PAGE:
Kroll Show humor is often extremely specific in what exactly it is that it’s mocking, and that level of specificity runs the risk of isolating people who might not be super familiar with the source material. “Karaoke Bullies” has basketball humor (within the framework of traditional sitcom humor, but still) along with super detailed Pennsylvania humor in Pawnsylvania, and I’m certainly less familiar with these topics than I am with, say, Degrassi and Canada, the wells from which Wheels Ontario pulls most of its jokes. Ultimately, it doesn’t really matter though. Kroll Show writers are so over-the-top in their mockery of television’s tropes that even if you’re not fully on the inside of the joke, you still get it. Would someone who grew up in Pittsburgh appreciate the humor of Pawnsylvania on a different level than I do? Of course. But Portlandia appeals to an audience beyond just residents of the Pacific Northwest, and Kroll Show similarly finds a way to craft humor that’s simultaneously specific and widely appealing.

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One thing I am all too familiar with is the real-life existence of people who don’t obey the fucking karaoke list, so I thoroughly appreciate the concept behind Karaoke Bullies, a reality series in which lower-tier rocker Nash Ricky confronts bullies who hog the karaoke mic. But the execution isn’t quite as tight as some of the season’s other new sketches. The thread that connects Karaoke Bullies with Pawnsylvania seems a bit thin: Murph’s best man Joe recruits Nash Ricky to stop Don’s revenge-driven plot to take over the karaoke stage at Murph and Teresa’s wedding. There’s also a twist shoehorned in at the last minute: Nash turns out to be the father of Denise’s bully Elizabeth. Knowing Kroll Show, this reveal could very well play into the larger framework of the season, but within the context of this episode, during most of Karaoke Bullies, I just wanted less Nash—as great as “L.A. Deli” is—and more niece Denise.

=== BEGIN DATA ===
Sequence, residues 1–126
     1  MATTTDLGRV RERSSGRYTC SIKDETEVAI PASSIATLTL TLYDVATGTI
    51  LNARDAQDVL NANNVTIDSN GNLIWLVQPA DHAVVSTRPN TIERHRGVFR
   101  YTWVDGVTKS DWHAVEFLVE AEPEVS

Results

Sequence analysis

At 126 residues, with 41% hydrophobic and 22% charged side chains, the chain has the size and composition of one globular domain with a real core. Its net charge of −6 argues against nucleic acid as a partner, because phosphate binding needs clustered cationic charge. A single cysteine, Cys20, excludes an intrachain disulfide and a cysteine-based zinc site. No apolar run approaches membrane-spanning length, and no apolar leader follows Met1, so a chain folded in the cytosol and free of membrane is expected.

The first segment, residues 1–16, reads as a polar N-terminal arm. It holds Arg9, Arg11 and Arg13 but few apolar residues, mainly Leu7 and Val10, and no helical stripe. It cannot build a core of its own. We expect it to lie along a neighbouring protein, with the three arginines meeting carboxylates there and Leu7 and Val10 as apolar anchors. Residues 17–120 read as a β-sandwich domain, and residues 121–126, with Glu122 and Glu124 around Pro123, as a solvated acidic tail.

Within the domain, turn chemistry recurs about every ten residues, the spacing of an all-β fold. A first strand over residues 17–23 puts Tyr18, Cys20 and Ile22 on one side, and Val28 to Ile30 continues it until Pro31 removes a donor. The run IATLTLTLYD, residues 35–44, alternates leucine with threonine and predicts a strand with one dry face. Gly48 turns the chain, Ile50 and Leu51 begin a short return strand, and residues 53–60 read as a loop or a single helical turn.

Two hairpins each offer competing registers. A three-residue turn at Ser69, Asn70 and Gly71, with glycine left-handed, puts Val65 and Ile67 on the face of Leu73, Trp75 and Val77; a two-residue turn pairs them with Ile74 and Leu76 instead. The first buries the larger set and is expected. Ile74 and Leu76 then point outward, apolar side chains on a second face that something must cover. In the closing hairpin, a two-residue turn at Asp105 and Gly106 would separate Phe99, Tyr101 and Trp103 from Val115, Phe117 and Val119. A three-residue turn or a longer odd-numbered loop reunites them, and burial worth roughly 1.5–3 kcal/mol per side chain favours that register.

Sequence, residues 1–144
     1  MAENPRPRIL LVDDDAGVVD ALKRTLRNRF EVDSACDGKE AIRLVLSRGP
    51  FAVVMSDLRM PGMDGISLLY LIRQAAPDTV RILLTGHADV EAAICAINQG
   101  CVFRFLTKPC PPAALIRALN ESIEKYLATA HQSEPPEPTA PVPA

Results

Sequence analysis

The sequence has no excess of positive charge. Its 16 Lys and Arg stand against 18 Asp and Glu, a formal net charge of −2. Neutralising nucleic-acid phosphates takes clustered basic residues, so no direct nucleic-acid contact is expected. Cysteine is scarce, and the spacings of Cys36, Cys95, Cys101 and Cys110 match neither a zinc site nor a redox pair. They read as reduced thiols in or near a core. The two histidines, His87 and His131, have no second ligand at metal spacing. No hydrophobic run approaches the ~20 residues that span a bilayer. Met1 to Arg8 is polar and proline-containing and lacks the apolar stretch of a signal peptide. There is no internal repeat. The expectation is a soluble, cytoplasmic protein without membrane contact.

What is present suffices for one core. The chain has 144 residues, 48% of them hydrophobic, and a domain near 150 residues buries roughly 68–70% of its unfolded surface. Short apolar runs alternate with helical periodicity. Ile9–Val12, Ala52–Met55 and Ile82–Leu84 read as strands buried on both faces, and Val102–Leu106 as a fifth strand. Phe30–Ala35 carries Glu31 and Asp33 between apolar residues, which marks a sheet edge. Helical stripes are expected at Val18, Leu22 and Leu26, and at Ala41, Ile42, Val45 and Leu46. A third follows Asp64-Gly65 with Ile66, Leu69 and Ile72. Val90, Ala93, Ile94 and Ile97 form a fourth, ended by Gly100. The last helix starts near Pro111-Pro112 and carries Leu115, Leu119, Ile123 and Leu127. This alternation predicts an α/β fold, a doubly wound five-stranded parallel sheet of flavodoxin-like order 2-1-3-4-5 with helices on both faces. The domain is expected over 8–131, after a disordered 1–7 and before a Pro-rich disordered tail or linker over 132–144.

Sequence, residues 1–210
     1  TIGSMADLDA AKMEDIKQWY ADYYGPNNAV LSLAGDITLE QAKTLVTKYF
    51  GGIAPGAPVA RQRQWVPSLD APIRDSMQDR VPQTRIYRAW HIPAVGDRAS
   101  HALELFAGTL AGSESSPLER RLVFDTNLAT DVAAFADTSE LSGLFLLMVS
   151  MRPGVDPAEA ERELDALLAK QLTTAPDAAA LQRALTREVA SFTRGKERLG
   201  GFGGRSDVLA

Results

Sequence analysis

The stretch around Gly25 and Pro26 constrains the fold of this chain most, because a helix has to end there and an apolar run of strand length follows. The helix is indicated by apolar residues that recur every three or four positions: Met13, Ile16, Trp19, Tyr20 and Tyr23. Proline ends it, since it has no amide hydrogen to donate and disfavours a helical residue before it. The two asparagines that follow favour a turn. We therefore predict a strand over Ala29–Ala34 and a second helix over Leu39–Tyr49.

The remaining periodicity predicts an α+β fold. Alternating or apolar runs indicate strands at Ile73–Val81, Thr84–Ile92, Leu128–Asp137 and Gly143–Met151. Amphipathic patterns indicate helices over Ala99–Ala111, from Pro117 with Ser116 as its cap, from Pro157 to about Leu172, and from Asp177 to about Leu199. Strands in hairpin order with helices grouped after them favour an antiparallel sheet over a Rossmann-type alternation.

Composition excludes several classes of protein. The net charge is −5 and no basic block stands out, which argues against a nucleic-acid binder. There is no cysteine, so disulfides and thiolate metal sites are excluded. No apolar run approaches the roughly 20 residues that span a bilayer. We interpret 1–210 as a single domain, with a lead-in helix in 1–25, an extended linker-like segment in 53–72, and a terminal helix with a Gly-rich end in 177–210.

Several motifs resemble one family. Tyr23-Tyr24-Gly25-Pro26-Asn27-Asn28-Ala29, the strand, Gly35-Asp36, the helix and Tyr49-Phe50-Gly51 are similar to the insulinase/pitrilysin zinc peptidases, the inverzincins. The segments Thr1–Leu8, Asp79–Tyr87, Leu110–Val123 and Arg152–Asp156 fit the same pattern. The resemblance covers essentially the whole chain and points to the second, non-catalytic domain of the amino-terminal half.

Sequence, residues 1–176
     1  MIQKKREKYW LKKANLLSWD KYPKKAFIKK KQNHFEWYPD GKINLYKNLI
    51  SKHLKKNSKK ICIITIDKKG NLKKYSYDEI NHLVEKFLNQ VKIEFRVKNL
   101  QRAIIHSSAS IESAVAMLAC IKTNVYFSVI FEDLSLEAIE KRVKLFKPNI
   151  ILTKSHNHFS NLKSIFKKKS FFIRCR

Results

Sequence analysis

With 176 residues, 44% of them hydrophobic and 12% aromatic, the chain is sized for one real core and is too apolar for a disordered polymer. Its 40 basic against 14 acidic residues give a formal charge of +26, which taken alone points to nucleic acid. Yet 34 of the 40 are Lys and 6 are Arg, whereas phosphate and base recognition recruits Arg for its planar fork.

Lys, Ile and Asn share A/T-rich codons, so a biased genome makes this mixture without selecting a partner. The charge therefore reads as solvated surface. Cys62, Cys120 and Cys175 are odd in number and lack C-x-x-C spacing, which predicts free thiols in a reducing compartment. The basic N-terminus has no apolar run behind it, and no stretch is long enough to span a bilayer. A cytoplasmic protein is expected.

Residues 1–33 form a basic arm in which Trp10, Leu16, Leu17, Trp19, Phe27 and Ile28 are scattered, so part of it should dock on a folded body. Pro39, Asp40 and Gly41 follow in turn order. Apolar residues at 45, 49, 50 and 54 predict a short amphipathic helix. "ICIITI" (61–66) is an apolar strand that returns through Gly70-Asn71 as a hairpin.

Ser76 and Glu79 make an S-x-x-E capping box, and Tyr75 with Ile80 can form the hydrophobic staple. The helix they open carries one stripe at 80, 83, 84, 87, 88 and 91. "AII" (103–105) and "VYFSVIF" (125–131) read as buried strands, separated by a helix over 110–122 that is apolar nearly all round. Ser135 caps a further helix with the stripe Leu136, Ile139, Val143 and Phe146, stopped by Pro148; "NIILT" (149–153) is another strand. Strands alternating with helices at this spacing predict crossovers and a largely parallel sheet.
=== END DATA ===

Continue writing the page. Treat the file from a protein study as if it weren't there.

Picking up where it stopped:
I implied this at the top, but for the record: I don’t have a very deep knowledge of professional basketball, so a lot of the Larry Bird (Kroll), Ted Williams (Kroll Show writer Joe Wengert, who wishes he was born a turtle), and Bill Walton (Seth Rogan) stuff does go over my head. That being said, Chairs still works for a non-sportsfan like myself because of how accurately it parodies Cheers. Kroll Show definitely digs deepest in its parodies of reality programming, but the sketches based on scripted series this season have also been really strong, especially since Kroll Show always dials up the jokes to a 10 and then pushes even further. Chairs uses clunky dialogue and a jaunty sitcom pace to make it very clear that it’s spoofing the tone and style of Cheers. Plus, the sketch builds on Kroll’s already established impression of Larry Bird, and even if I can’t speak to the quality of the impression itself, it’s an amusing enough character to work without the real-life context.

“Karaoke Bullies” definitely is the most contained episode of the final season thus far, and that’s fine. Recurring characters return and new crossover links emerge, but in terms of character development and story momentum, last week’s “Bangs” has “Karaoke Bullies” beat. But Kroll Show continues to milk even the simplest—and strangest—of concepts for every joke possible.

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Stray observations:

  • The graphics for Karaoke Bullies are outstanding. I particularly love all the black-and-white freeze frames.
  • According to Gabe Liedman, the weed in Pennsylvania smells like chicken nuggets.
  • We get a double dose of Jenny Slate in this episode (as niece Denise and as Maureen, a Chairs waitress), and as the old adage goes: The more Jenny Slate, the better.
  • The “hubris-filled fantasy song” “I Just Can’t Wait To Be King” is Slate’s go-to karaoke choice.
  • Slate also responds to some of Kroll’s questions in character as Marcel The Shell.
  • Random, quick moment that made me laugh way harder than it probably should have: Denise calling Nash Ricky “Rookie Noshy.”
  • Denise’s karaoke version of “Ottawanna Go To Bed” is even better than the original Bryan La Croix tune, and I wish we could have seen her do the whole thing.
  • Christine Nangle’s Teresa is one of my favorite parts of the Pawnsylvania franchise. I love how unintelligible all of her lines are.
  • Karaoke bullies are real, y’all. I was once interrupted during a rousing rendition of “Not Ready To Make Nice” by the Dixie Chicks, and I have never forgiven that person. I also once brought an entire bar down by singing Sinead O’Connor’s “Nothing Compares 2 U” alone, because my friend bailed on me. It was a very sad sight that was captured in its entirety on camera by another friend. If only I had had Nash Ricky to save me.

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